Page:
Besides technological advancement, Indian agriculture badly needs some drastic institutional and organisational changes, which are not happening because the agriculture lobby is politically very strong and has a vested interest in its lack of progress, say Pradeep S. Mehta
Special economic zones (SEZs) have raised a huge controversy in the country. Alas, one would miss the wood for the trees, if one doesn’t look at the political economy and the challenges it will continue to raise in our distorted discourse. According to critics, SEZs would create a pro-business industrial environment in the country which may not be very good for fostering economic democracy. While SEZs are indeed pro-business, such a (pro-business economic) policy is not new in India. The country has vigorously pursued a pro-business policy, and this has already seen a significant reduction in poverty. In an article in this newspaper on December 14, 2006 (‘Broad benefits of special economic zones’), I argued that the real question is not whether we can afford to have SEZs, but whether we can afford not to.
Before getting into any analyses of the political economy, let me examine two important questions and that will help understand the present situation. First, will large-scale formation of SEZs in India lead to special enclave-led growth? Second, is such enclave-led growth good or bad for our economy and people?
There are no easy answers to these questions, which will depend on local factors, among many other things. At best, one can do some case studies to draw some lessons, but generalisations are not possible. An answer to the first question can be found by looking at the performance and impact of existing export processing zones (which are similar to SEZs) in India. The first export processing zone in India was developed in Kandla, Gujarat, in the mid-1960s, and along with many others, the multiplier effects have been great.
To find an answer to both questions, let’s look at the Unctad’s 2004 LDC Report with the theme of ‘Linking International Trade with Poverty Reduction’ and draw lessons from various case studies cited there. The report has suggested five post-liberal development strategies for poor countries. The first of them is called “balanced growth based on agricultural productivity growth and export-accelerated industrialisation”. Unctad advocates that for sustained growth and substantial poverty reduction to occur under this strategy, six domestic conditions have to be put in place. Without going into the details of these conditions, one can see that there is a remarkable similarity with them in contemporary India, which is still predominantly agrarian. It has a small industrial sector. India has surplus labour in rural areas owing to large labour supply in relation to the available land.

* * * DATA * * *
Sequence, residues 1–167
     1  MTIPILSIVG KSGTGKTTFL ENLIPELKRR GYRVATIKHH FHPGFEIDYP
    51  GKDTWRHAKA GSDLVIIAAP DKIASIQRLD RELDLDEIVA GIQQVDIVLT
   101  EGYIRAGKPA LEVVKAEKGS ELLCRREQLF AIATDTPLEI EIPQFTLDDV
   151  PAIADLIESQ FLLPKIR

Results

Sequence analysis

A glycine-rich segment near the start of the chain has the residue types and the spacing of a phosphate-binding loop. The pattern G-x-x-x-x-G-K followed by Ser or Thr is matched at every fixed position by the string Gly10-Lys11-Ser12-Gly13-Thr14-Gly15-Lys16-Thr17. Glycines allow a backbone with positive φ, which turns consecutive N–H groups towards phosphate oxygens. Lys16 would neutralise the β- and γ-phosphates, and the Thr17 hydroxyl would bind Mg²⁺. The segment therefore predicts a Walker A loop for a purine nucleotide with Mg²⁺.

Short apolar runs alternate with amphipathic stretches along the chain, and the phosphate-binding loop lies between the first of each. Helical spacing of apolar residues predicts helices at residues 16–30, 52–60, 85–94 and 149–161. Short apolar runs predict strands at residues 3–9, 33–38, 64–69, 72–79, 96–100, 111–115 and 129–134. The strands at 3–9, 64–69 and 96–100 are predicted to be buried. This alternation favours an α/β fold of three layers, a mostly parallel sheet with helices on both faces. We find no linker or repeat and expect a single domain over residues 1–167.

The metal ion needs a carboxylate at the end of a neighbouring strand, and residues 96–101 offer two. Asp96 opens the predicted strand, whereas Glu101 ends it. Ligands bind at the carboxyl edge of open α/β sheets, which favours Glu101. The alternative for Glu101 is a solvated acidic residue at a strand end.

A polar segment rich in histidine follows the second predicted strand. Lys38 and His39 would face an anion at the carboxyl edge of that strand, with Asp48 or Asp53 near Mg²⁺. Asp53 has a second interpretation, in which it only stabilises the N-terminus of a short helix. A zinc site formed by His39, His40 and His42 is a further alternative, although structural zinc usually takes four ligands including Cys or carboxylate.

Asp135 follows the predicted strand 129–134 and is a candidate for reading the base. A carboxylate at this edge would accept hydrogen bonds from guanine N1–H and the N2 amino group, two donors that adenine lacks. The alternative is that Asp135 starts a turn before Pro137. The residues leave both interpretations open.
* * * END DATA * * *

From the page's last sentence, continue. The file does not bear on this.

Looking at these conditions, it appears that the central and various state governments have taken the right decision to encourage the setting up of SEZs and this policy is consistent with the National Foreign Trade Policy of India, 2004-09. Let me highlight three most important conditions in the Indian context. The first condition is that agricultural productivity must rise at a rate sufficient for the production and marketing of food to be able to feed the entire population. This requires continuous technological progress in agriculture, and institutional and organisational changes, including land reforms.
Second, the growth rate of industrial labour force must be faster than the growth rate of the total labour force. Over the last couple of decades, industrial employment in India remained stagnant and in order to change this situation, we need both large-scale capital accumulation and a labour bias in innovation. The policy of developing a large number of SEZs meets both these conditions.
Third, a right balance must be struck in inter-sectoral labour markets. The number of new employment opportunities created in industry must be in step with the number of persons released from agriculture.
If the above is true, then why there is this huge controversy over this new wave of SEZs in India? The first reason for this controversy is that a large number of actors look at this situation as a milch cow to seek rents. Second, besides technological advancement, Indian agriculture badly needs some drastic institutional and organisational changes, which are not happening because the agriculture lobby is politically very strong and has a vested interest in its lack of progress. Indian agriculture is currently faced with many vices, which include absentee landlordism and subsistence farming coupled with land fragmentation. Third, small landholders (including landless farmers and agricultural workers) do not see any alternative employment available to them—for want of skills and also due to the overall industrial environment in the country in terms of employment generation.
Given this political economy, what is the way out of the present impasse? The Union and state governments should take a series of specific policy measures to increase agricultural productivity and manufacturing employment simultaneously. But results from such measures will take a longer time to take effect, I estimate. The fact is that huge political will is required for India to become a developed country (not poor, if at the same time not exactly rich) by 2020. Given the nature of our democratic set-up, this will be a risk, but there will be huge returns too—in economic terms as well as politically.